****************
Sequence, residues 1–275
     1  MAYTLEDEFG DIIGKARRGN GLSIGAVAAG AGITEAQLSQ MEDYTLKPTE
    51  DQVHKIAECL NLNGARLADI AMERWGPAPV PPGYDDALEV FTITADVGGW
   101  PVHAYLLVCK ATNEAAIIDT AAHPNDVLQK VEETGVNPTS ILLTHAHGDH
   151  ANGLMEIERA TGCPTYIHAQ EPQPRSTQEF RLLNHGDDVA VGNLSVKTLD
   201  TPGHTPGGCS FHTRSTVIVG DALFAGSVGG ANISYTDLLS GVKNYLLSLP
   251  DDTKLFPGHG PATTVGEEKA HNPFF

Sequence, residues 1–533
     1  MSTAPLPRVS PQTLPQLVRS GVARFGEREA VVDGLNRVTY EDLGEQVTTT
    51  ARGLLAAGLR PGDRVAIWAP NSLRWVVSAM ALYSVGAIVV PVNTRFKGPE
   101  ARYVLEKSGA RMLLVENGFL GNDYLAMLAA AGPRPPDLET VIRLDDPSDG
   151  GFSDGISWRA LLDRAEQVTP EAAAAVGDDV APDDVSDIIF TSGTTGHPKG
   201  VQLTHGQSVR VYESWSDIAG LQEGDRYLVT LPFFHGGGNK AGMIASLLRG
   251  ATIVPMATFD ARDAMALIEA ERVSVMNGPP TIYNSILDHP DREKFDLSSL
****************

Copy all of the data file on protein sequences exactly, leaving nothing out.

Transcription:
Sequence, residues 1–275
     1  MAYTLEDEFG DIIGKARRGN GLSIGAVAAG AGITEAQLSQ MEDYTLKPTE
    51  DQVHKIAECL NLNGARLADI AMERWGPAPV PPGYDDALEV FTITADVGGW
   101  PVHAYLLVCK ATNEAAIIDT AAHPNDVLQK VEETGVNPTS ILLTHAHGDH
   151  ANGLMEIERA TGCPTYIHAQ EPQPRSTQEF RLLNHGDDVA VGNLSVKTLD
   201  TPGHTPGGCS FHTRSTVIVG DALFAGSVGG ANISYTDLLS GVKNYLLSLP
   251  DDTKLFPGHG PATTVGEEKA HNPFF

Sequence, residues 1–533
     1  MSTAPLPRVS PQTLPQLVRS GVARFGEREA VVDGLNRVTY EDLGEQVTTT
    51  ARGLLAAGLR PGDRVAIWAP NSLRWVVSAM ALYSVGAIVV PVNTRFKGPE
   101  ARYVLEKSGA RMLLVENGFL GNDYLAMLAA AGPRPPDLET VIRLDDPSDG
   151  GFSDGISWRA LLDRAEQVTP EAAAAVGDDV APDDVSDIIF TSGTTGHPKG
   201  VQLTHGQSVR VYESWSDIAG LQEGDRYLVT LPFFHGGGNK AGMIASLLRG
   251  ATIVPMATFD ARDAMALIEA ERVSVMNGPP TIYNSILDHP DREKFDLSSL